The Rebbe reminds us that the mitzvah of Shabbes contains a similar lesson to that of the manna. Initially, keeping Shabbes seems like a bad business decision, and a way to lose one’s income, but in fact, keeping Shabbes is an exercise in recognising our true source of sustenance- Hashem. Even if we have to work for a living in this day and age, we must always remember the lesson which the manna taught us, about our one true provider.

Parshas Beshaloch: Leaders and Rulers

The story of the Israelites crossing the Red Sea is a well known one. We all know about how Hashem split the sea to let them across, before allowing it to surge over the pursuing Egyptians, drowning them as soon as the Chosen People had reached dry land. It’s no secret how Miriam and the women prepared instruments for this momentous occasion, reflecting their faith in G-d and the redemption. And most of us have heard the famous story from Sanhedrin, in which the angels wished to celebrate the Egyptian’s deaths, and Hashem rebuked them, asking how they could sing while his creations drowned in the sea. But there’s an episode in this week’s Parsha- that of the song which Moshe Rabbenu and the Israelites sang- which contains a little known treasure trove of meaning and wisdom.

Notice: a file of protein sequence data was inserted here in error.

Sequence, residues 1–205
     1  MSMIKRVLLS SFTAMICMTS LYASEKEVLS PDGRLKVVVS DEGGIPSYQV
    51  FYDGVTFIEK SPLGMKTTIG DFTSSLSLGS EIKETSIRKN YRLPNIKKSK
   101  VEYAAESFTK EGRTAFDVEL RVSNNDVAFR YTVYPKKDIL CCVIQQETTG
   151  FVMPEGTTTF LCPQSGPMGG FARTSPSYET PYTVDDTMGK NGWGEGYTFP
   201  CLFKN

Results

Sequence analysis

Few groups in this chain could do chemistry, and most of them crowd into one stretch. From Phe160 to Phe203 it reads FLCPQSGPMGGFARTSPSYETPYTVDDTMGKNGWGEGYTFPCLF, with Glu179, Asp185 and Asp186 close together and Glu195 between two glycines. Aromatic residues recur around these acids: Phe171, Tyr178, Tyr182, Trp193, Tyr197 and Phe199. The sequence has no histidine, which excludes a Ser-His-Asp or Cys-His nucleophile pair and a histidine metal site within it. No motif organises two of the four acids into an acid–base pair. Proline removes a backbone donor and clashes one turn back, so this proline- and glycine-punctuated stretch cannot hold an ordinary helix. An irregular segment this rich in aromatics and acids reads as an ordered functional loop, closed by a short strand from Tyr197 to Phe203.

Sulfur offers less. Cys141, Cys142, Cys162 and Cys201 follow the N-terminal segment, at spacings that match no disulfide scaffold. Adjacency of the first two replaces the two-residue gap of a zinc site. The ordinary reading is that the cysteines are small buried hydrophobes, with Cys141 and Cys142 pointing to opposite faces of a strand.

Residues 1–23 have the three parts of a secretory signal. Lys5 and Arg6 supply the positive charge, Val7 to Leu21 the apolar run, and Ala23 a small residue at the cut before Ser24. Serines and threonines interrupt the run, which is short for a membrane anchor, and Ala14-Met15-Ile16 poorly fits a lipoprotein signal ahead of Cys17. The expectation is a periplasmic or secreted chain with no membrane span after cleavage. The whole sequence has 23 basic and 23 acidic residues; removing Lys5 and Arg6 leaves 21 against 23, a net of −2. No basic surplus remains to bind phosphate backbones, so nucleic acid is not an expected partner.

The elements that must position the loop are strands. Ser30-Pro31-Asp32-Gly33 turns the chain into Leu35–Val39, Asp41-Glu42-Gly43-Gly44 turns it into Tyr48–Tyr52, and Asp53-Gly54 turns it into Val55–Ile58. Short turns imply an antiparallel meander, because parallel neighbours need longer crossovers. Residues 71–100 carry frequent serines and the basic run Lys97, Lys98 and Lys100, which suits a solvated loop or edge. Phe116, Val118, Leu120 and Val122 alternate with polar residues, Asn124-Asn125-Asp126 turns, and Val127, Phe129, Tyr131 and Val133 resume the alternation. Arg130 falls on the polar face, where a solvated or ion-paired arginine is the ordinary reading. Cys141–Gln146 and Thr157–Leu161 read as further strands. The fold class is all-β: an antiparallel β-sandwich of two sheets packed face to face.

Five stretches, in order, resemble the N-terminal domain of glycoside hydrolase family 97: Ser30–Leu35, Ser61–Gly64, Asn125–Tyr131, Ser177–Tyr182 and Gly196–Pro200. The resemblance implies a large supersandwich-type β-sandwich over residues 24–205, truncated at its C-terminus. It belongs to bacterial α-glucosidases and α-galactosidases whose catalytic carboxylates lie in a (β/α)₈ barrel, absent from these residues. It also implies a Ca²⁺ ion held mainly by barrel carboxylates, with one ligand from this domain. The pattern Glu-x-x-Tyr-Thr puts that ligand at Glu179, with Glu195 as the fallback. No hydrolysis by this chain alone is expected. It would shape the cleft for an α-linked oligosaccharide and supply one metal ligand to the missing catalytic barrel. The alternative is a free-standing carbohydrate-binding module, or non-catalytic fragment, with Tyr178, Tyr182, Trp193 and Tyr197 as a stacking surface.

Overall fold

To understand the meaning of this song and the way in which it was sung, we need to understand the three interpretations regarding it. The text merely states, “Then Moshe and the children of Israel sang this song to G‑d, and they spoke, saying…”- not telling us how they sang it. Rabbi Akiva states that after Moshe Rabbenu sang each line, the Israelites repeated “I will sing to Hashem”, continually repeating the same line as Moshe made his way through the song. Meanwhile, Rabbi Eliezer thinks that they repeated each line after Moshe, rather than saying the same verse again and again, and finally Rabbi Nechemiah believed that Moshe just sang the opening words to the song, after which, they all sang it on their own.

But what exactly does all this mean? What do these three opinions tell us?